Officiating volleyball in a pandemic brings about a new set of challenges

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Official Ed Tucholski

In collaboration with volleyball official Ed Tucholski
While no one knows exactly what the fall volleyball season will look like, a recent survey by Referee magazine revealed that approximately two thirds of officials are ready, willing, and able to get back to work.

So assuming we play, what will the fall season look like to a volleyball official on match day?

Good luck with that.

“I’m not sleeping at night, because all the issues that are leaving loose ends out there. And I’m not a loose ends kind of person,” said Marcia Alterman, coordinator of officials for six NCAA conferences including the Big Ten. 

“We talk about contingency plans and what-ifs all the time and nobody has any firm answers yet and we’re nearly into July.”

By this time of year, most officials not only know their NCAA fall schedules, they’ve made travel plans and they’re ready to go.

“Literally as we’re talking we’re creating what we’re calling an inquiry to send out to all our referees,” Alterman said Sunday afternoon from her home in Wichita, Kansas. “Are you willing to fly, are you willing to drive, what if you have to have your temperature taken, and what if you’re required to wear a mask, are you willing? 

“Do you only want to go to places where you don’t have to spend the night? There are all these questions. If I were a referee right now I would be pondering the risk-reward.”

There’s no doubt that a certain percentage of volleyball officials classify as at-risk from coronavirus.

“The fact that our officiating population is aging has been known for years,” Alterman said. “And a concern for years. That’s why we’ve had such an emphasis on recruiting (younger officials). So common sense tells us that more of them are at an age to be at risk.”

Which is where Ed comes in. He takes us through what an official might encounter this season, from actually arriving at the volleyball venue.

“You drive up to the gym parking lot and gather your gear,” Ed wrote. “Before leaving your car you think about the preparations unique to this season. Have you had the virus? Have you been tested? When? Are you running a fever? How do you feel? Have you been exposed to anyone who has tested positive? You review these questions knowing that once inside the gym a match administrator may be asking the same questions of you.”

The good news, Alterman said, is that officials she’s communicated with want to get to work. She’s sent emails to her constituents asking their thoughts and “not a single person has come back and said they don’t want to. Now, there are a lot who haven’t responded and I think that’s because they don’t know. 

“But 100 percent of the responses I’ve gotten have been, ‘’My god, yes, put me to work.’ They want to work. The intangible rewards for them are much greater than the physical rewards.”

And if they do?

Ed again: “About your gear, this is the season to minimize. Your collection of patches and coins are not required courtside and should be left behind. A few extra items are required. Masks will likely be required. “Gloves are optional. Hand sanitizer and bleach wipes are probably a good idea. Regarding masks, they should be as plain as your shoes. Your mask is not an opportunity to support your favorite sports team or advertise for a particular sporting goods company. A plain color, matching your partner(s), possibly with a conference or association logo is the best option.”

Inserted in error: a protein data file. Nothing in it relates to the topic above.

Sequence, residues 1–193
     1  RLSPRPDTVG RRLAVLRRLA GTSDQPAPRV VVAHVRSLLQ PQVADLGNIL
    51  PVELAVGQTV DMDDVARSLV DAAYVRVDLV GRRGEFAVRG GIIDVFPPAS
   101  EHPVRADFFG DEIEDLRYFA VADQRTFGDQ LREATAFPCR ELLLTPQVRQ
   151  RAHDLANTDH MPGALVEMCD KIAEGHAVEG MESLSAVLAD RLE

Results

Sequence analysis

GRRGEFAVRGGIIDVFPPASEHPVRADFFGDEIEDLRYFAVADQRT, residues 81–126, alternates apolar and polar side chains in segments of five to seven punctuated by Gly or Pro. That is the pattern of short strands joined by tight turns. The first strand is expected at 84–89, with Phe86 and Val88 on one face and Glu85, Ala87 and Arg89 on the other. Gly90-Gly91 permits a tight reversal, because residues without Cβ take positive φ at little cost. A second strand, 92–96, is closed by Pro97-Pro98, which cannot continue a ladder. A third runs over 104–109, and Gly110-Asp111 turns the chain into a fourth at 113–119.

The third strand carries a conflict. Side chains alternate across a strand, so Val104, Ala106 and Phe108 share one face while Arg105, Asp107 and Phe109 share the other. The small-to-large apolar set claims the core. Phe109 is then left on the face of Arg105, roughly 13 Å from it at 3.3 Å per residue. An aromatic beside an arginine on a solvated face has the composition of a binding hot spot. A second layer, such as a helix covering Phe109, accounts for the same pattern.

Ed said in most cases officials should expect to show up in uniform and “If you anticipate changing during a full day tournament, keep your extra uniforms in your car.”

Ed lives in Maryland and is associated with eight conferences, including the Big East, Patriot, American Athletic, Ivy, Atlantic 10, America East, Colonial, and MEAC.

“Your expectation should be that the host has made all preparations for the match,” Ed wrote.” This includes checking net height and ball pressures. It is a good idea to carry a chain and pressure gauge in case an issue arises. Your line judge flags are not needed. Either the host school supplies them or the assigned line judges bring their own. Failing that, hand signals are the best bet. Requiring work-study students to use your flags is not a smart idea this season.”

And that brings up whistles. As Ed pointed out, some sanctioning organizations may require an electronic whistle. Are your batteries fresh? Is your whistle adequately loud? The loudest whistle is not necessarily the best choice in all situations. Remember there will be fewer fans in the gym or arena. In a multi-court tournament situation, variable tones may be the most important feature so as to distinguish your whistle from those on the next court.

Alterman, who also coordinates the Big East, Conference USA, American Athletics, MAC and Horizon, said she hopes all officials use electronic whistles.

“There are some who have told me they are playing around with blowing their whistle behind a mask,” Alterman said, “ which is one thing I haven’t tried yet … I think electronic whistles will become the norm, I really do.”

Ed: “If you are allowed to use a normal whistle, think it through. Most of us have experienced times when respiratory droplets come out of our whistle. We wear masks to protect those around us. Will the mask you wear contain the droplets that could potentially infect other participants? Do you wear glasses? Do your glasses fog when you wear a mask? Do you have wipes in your pocket and have you investigated anti-fogging applications for your lenses? 

“With all these preparations in order, sanitize your hands one last time and put on your mask. Grab your minimum equipment, lock your car and head to the gym. Find the host. Some facilities may require temperature checks and screening questions of all match participants. Add a few minutes to your normal arrival time to allow for this check.